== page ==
Forty Acres Fresh Market currently delivers fresh produce to customers throughout Chicago.
Navigating startup expenses has been eye-opening as well. The endeavor has received support from several groups, including the Christopher Family Foundation, the Lumpkin Family Foundation, the Chicago Recovery Fund and various public and private grants, including an award from the Famous Amos cookie brand. “It’s way too capital intensive and risky for most businesses to take on by themselves,” Abunaw noted. “You raise money, and then find out what you design will cost more than the money you raised, so you need to raise more money. You’re always chasing the start date to match the funding.”
As she manages the budget and continues to bring her concept to life, Abunaw puts her business acumen to work. She actually got the idea for Forty Acres after her time at Microsoft. “I was at an inflection point and thought, ‘If I didn’t have to work, what would I do? And what other time in my life will I have this opportunity to just pursue it and see what happens?'” she recalled.
Being able to provide food for the Austin community, where she lives and where the current mayor of Chicago, Brandon Johnson, lives, has been the guiding principle. “We are very intentional of being located in a Black neighborhood and explicit about the fact that this food equity challenge uniquely impacts the Black community,” Abunaw remarked, pointing out that the need is acute. “If you put in my store location, you could draw a mile radius and not hit another grocery store.”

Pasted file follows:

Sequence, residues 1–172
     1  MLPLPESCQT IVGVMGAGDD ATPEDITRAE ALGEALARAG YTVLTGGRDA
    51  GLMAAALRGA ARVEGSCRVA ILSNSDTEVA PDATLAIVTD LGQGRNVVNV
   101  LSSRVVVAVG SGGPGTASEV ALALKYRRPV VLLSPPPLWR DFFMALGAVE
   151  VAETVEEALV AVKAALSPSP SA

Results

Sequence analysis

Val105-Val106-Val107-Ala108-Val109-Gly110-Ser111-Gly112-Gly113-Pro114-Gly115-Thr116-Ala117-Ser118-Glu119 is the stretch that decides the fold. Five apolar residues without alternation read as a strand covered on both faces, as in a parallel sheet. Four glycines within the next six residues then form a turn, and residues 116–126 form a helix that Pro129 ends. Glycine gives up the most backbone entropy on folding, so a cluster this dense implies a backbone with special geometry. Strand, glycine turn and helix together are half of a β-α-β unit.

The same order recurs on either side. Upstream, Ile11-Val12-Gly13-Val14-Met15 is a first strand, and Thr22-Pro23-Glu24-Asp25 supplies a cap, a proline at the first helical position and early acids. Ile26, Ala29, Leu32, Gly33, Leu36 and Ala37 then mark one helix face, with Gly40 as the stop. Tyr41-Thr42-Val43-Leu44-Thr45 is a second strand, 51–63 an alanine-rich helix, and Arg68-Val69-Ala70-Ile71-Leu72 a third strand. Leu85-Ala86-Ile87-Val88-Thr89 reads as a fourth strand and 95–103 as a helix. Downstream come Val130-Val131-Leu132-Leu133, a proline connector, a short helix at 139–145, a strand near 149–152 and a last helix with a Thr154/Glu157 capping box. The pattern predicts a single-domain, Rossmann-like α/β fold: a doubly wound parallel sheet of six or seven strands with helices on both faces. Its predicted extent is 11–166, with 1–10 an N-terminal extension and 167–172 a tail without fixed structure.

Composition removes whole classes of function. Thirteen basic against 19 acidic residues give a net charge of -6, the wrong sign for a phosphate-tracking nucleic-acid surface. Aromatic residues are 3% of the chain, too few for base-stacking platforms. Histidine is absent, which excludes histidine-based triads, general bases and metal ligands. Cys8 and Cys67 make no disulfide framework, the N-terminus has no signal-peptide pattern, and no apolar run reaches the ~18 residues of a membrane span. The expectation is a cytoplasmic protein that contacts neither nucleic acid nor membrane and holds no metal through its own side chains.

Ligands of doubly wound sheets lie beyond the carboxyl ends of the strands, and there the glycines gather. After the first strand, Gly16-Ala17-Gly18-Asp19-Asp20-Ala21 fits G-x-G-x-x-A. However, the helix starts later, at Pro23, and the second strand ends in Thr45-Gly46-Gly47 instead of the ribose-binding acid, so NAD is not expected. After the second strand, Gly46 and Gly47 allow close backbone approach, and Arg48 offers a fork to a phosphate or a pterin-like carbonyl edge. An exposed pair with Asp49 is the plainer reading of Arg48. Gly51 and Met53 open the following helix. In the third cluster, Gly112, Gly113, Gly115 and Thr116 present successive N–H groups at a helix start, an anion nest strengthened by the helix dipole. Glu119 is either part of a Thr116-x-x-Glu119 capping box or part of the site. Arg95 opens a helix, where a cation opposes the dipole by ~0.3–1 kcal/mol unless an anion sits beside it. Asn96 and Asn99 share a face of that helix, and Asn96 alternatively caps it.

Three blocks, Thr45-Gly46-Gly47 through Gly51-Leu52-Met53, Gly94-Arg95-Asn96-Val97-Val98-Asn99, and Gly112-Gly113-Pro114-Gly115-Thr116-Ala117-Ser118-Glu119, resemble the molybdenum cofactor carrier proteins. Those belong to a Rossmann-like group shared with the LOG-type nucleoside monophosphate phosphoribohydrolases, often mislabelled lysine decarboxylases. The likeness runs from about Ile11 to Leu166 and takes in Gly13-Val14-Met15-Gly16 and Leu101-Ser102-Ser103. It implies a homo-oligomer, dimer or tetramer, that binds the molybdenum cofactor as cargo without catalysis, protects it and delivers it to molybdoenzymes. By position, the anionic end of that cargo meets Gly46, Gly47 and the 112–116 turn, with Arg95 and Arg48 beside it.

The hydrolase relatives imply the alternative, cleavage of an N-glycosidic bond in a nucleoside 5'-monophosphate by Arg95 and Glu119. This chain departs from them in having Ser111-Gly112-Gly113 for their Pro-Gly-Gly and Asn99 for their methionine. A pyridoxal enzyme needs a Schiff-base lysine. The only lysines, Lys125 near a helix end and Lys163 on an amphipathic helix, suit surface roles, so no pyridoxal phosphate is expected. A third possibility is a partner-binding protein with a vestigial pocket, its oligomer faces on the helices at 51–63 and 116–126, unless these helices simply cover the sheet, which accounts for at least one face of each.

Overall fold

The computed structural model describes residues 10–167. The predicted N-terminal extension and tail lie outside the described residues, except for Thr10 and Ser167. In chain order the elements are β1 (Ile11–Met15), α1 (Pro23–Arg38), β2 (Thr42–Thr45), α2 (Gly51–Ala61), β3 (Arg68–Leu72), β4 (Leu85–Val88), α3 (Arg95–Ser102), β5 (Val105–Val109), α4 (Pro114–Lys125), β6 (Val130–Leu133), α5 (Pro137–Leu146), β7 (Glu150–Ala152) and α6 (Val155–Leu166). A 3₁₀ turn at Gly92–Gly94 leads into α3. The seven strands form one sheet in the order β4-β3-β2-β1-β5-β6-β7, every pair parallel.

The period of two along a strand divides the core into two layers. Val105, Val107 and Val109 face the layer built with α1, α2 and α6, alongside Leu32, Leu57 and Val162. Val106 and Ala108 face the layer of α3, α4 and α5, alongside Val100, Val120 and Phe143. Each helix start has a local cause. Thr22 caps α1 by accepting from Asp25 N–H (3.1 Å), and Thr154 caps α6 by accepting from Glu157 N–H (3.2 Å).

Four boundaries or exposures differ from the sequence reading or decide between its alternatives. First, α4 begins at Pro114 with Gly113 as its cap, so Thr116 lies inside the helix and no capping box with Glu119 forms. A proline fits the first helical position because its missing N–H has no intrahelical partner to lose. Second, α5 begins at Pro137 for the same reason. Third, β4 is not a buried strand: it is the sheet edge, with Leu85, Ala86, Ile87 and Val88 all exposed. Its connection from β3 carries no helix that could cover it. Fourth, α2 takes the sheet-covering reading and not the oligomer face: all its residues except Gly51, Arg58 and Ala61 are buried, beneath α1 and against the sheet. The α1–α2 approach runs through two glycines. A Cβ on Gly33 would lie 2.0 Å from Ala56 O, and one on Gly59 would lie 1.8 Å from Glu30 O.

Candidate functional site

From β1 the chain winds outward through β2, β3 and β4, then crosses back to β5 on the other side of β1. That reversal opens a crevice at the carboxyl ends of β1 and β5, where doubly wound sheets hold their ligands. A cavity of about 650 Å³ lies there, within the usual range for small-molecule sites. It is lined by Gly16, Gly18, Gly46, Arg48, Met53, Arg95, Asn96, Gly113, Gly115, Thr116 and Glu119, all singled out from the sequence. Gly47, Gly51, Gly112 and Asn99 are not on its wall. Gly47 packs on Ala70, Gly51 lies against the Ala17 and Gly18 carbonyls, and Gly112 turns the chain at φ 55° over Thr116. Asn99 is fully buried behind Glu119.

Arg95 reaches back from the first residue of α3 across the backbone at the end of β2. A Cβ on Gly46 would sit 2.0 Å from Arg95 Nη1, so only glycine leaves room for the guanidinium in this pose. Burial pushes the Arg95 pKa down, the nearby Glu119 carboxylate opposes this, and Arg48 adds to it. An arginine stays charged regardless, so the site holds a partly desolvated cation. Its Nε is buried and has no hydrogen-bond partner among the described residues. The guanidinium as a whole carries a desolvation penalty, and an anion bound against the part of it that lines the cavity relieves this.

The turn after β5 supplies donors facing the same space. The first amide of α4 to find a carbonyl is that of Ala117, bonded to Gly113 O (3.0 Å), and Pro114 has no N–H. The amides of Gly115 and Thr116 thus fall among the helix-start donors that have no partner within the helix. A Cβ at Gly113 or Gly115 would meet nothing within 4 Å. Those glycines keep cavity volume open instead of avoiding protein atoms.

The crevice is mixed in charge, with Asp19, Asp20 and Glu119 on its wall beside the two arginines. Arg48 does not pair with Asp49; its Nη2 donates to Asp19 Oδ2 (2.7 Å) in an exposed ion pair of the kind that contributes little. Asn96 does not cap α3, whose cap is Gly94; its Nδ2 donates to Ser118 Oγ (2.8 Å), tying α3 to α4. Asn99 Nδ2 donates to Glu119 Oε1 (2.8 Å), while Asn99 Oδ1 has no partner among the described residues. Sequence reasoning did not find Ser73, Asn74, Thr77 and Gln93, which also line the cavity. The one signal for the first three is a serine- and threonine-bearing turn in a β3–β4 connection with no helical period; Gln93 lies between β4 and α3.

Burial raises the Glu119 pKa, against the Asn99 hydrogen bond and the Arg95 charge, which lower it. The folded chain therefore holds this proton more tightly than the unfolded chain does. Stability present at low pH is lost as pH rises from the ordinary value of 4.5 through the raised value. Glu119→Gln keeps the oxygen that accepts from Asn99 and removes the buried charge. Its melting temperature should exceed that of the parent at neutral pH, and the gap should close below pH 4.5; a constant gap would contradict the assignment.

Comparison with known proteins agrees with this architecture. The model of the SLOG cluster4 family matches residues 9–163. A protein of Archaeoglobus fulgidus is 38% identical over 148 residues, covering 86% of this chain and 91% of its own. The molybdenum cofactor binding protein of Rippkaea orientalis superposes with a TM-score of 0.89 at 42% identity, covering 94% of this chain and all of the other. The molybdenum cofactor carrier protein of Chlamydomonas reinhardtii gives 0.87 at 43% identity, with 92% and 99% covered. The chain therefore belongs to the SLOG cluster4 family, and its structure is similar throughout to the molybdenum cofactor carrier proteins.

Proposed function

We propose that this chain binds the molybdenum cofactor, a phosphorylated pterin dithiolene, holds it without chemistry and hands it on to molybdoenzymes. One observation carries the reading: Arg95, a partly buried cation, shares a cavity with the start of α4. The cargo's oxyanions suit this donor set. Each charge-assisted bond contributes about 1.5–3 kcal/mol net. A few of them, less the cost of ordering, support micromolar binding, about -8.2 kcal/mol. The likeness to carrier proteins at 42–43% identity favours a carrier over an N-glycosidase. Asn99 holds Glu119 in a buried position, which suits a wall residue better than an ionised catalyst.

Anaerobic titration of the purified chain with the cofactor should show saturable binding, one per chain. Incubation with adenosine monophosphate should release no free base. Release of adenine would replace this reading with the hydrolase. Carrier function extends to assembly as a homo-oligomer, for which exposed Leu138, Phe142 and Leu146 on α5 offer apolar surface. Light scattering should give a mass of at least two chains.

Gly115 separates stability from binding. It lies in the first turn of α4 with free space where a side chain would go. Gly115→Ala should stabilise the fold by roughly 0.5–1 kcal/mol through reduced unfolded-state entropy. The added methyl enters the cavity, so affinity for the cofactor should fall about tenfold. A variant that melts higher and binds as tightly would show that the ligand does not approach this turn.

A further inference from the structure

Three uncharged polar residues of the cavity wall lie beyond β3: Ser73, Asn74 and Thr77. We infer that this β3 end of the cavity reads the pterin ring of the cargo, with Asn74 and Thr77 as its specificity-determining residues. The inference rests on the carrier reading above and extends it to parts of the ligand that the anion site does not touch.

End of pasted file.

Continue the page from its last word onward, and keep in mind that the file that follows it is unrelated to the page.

While she strives to fill the fresh food gap, she has gained more insights on the grocery world. “Some of my suppliers were at the groundbreaking. I have learned so much from those guys – they are old-school grocery producers and know this business like the back of their hand,” reported Abunaw, who works with both established suppliers and local farmers throughout the Midwest.
She’s also adept at keeping many things going at once, working on the store buildout while maintaining the Forty Acres delivery service. “Since 2020, delivery has been the biggest part of our business. We have customers all over the city,” Abunaw said. “When we say, ‘fresh food for all’, that’s what we mean.”
The journey for this grocery entrepreneur will continue through 2024, as the store gets closer to opening and fulfilling what has become a passion project for Abunaw. “It’s not just business. It’s personal. And food is as personal as it gets,” she says of her food justice mission.